As a writer in the technology sector, I’m very accustomed to the advantages and convenience of working at home (a.k.a., WAH). In fact, for the last several years my schedule has been to work at home in the morning, taking calls and meetings with colleagues located all over the world, and then to commute to the office for the afternoon. It’s been a wonderful and flexible schedule.
Sheltering in place and COVID-19 has changed everything. For the past 2 1/2 months I have been working at home exclusively, along with everyone else. My employer has let us know that most of us will probably continue to work at home through the end of the year, with offices opening at reduced capacity for essential business or productivity reasons only. This is out of an abundance of caution for employee health and safety (and because it seems to be working).
Some best practices for working at home:
- Home Office Dedicate a room or corner of a room to be your office. When you’re in this space, you’re working. Keep it generally clean and uncluttered except for objects that inspire.
- Tool Up Make sure you have the equipment and internet connection you need. Your company may be able to help. Know who to contact for IT help.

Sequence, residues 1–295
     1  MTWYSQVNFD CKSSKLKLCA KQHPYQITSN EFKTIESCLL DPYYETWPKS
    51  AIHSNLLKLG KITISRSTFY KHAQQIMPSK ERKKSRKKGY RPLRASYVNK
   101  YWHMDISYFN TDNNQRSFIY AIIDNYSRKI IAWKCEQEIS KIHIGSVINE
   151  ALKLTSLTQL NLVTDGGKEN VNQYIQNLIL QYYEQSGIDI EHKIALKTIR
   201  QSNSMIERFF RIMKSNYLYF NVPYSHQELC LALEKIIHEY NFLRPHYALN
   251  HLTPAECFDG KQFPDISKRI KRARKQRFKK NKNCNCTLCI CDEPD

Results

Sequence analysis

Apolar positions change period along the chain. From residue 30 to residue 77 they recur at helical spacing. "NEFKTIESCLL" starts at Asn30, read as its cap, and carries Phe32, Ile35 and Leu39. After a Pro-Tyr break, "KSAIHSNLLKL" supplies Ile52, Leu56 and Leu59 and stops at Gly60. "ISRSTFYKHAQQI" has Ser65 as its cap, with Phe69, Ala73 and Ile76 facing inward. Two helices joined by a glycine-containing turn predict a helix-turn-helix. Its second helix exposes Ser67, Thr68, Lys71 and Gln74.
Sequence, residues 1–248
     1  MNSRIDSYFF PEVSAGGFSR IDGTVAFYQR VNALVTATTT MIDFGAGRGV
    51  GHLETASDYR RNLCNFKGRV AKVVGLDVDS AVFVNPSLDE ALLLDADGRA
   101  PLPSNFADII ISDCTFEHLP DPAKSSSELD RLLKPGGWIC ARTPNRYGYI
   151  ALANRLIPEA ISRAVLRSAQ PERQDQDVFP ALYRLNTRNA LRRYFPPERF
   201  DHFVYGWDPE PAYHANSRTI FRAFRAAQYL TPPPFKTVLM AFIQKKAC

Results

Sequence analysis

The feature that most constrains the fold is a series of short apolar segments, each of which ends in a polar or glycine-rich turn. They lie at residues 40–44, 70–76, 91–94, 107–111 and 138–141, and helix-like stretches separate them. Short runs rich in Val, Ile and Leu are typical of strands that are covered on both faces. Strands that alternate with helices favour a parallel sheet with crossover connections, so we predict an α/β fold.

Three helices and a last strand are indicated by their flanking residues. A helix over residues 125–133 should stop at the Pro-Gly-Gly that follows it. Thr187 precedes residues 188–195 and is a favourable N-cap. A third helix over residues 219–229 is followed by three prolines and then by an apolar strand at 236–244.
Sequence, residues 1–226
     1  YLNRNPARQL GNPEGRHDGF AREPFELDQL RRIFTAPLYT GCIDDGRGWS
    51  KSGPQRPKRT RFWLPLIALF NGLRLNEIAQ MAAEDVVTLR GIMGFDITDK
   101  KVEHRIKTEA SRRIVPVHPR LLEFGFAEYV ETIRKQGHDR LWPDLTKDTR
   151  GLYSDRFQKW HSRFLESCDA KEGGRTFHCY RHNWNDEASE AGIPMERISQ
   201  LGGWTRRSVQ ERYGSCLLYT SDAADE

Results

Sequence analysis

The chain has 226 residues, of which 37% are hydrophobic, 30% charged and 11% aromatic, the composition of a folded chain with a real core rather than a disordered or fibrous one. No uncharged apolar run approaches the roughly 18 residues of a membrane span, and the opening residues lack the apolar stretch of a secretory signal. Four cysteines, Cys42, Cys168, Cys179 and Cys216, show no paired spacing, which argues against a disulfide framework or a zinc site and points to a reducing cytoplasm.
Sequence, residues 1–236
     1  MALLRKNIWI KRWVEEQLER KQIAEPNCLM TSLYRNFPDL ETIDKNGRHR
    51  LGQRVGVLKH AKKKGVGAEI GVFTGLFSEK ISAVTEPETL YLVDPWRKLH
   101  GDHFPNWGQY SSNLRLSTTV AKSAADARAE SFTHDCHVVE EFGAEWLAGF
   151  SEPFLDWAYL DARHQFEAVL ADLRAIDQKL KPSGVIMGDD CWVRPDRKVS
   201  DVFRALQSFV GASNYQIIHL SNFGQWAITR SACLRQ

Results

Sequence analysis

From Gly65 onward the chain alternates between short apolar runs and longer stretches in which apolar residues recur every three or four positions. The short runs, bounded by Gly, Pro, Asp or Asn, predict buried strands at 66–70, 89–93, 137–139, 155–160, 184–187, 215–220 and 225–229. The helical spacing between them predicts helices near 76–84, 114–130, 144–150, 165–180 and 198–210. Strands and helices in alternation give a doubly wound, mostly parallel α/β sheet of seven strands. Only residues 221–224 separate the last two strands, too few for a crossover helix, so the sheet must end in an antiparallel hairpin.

- Dress for Success Take care of yourself, dress for work, comb your hair, wear makeup. Even if nobody sees you, it inspires confidence and competence within yourself, and conveys professionalism when you interact online.
- Take Breaks Get up and move around during the work day, and take a lunch break. Do something different. Get some exercise and fresh air. Just because you can work straight through for 12 hours, doesn’t mean you should.
- Stay Social Take regular social breaks – you’re wired for people. Send a text, pick up the phone, or schedule a social call via Zoom, Skype, or Teams. Stay connected to your friends and family, as well as your professional network.
Now that I know the situation is semi-permanent, I plan to make the most of the experience. It’s easy to end up working long hours (a couple extra hours are freed up from commuting and long lunches), but maybe it is better to devote that extra time to learning, dreaming, and creating instead.